Bluetooth Dangers And Playing It Safe
Bluetooth is a type of non-ionizing radiation that lacks the energy needed to divide an atom like in gamma rays and X-rays. Compared to infrared, the wavelength is much longer but way shorter than extremely-low frequencies. It also belongs to the radio-wave spectrum with a 2.4GHz band like in microwave ovens and WiFi devices. Learn more about these different types of radiation in this video: click here.
The semi-permeable signal zone allows Bluetooth dangers to pass through several surfaces and objects. Typically, a signal travels through the interior wall, however, it falls short of traveling through thicker obstacles like concrete.
When it comes to Bluetooth dangers, there is still a lack of studies on its side effects and safety precautions. However, it’s thought that the only side effect of Bluetooth radiation is thermal heating. Regulations are established to ensure Bluetooth devices don’t burn the skin. Therefore, rest assured that Bluetooth is safe to use as burning instances are rare.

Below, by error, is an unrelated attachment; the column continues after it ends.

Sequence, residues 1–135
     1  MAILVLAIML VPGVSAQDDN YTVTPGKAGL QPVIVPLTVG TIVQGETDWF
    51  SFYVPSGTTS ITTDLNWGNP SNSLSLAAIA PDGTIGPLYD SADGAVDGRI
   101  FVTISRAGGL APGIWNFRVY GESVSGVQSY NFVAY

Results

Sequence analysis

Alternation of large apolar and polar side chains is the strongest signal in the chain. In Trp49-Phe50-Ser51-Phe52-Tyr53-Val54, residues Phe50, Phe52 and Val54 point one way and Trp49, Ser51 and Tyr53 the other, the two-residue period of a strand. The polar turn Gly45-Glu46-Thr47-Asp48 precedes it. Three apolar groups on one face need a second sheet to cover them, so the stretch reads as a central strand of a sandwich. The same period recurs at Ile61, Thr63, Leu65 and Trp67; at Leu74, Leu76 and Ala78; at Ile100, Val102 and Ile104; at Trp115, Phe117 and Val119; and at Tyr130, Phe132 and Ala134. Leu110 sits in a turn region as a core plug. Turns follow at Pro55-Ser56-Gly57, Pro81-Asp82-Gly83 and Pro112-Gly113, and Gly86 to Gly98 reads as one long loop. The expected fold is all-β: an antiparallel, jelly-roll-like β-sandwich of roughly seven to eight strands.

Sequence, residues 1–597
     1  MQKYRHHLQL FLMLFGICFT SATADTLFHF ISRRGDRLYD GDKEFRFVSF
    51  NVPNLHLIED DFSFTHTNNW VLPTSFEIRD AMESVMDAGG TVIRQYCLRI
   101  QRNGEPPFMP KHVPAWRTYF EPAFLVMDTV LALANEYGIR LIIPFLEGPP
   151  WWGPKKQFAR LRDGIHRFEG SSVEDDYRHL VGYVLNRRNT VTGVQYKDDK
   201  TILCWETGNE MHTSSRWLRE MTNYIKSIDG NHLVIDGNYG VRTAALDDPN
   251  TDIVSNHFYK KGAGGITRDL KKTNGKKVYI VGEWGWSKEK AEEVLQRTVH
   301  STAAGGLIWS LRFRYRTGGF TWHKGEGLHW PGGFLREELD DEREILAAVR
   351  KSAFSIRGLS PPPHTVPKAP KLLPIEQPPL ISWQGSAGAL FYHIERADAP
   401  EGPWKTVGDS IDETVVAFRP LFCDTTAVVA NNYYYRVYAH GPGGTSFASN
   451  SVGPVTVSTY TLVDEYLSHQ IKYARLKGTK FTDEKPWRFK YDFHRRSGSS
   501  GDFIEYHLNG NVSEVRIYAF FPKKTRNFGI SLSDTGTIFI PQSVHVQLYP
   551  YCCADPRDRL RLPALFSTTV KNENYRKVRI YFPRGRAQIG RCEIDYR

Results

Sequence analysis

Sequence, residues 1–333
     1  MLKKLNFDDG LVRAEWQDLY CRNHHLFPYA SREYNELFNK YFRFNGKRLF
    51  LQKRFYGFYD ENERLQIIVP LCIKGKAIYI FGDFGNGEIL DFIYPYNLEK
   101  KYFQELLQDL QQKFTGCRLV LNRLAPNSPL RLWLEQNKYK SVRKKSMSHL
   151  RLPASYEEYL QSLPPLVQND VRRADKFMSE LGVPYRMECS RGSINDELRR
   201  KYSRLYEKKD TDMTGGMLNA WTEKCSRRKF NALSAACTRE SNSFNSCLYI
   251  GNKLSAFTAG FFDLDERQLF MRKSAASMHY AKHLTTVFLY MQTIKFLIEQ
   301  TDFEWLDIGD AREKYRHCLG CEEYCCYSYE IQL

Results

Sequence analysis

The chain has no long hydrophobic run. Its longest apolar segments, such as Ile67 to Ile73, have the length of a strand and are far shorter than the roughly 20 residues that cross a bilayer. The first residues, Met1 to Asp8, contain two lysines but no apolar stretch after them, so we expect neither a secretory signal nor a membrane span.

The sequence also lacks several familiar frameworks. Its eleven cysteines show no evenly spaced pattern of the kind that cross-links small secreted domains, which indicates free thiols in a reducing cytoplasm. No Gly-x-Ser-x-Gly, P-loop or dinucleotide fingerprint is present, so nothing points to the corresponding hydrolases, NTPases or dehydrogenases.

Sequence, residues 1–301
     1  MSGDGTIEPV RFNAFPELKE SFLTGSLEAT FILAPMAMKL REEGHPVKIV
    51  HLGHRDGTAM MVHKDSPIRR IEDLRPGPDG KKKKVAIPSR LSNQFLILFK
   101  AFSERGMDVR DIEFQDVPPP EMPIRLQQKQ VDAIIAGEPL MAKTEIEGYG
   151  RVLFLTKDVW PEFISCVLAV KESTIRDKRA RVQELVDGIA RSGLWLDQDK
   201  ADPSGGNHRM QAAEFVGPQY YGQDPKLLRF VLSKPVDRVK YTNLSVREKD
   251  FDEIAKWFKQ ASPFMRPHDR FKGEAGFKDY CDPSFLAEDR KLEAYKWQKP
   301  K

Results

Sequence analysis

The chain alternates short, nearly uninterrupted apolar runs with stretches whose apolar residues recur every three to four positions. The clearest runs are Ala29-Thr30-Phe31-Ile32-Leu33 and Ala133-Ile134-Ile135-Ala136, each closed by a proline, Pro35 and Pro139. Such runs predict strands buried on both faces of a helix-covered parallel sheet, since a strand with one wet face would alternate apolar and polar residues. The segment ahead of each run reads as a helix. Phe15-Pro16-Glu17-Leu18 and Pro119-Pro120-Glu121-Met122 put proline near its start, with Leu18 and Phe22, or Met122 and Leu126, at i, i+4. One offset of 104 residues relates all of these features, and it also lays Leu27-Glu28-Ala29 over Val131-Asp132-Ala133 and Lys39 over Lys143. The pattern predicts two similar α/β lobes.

Moreover, users are concerned by the Bluetooth dangers of radiofrequency waves that it produces while transmitting signals. These radiofrequency waves are known as EMF radiation. Specifically, it is considered RF-EMF radiation which is associated with some negative effects on human health including heart tumors, neurological problems, fertility issues, glioma, and other types of cancer.
If you have electromagnetic hypersensitivity, you may experience some symptoms caused by RF-EMF radiation exposure such as fatigue, nausea, and dizziness. Bluetooth is not going anywhere, it’s going to be around for a long time. The best way to prevent these negative health effects is to minimize your exposure to Bluetooth dangers.
Wrapping It Up
Bluetooth is only going to be even bigger in the years to come. It’s important to understand how it works so that you can maximize using this technology. Also, you need to learn how to co-exist with this revolutionary invention in the safest way possible to avoid any potential side effects.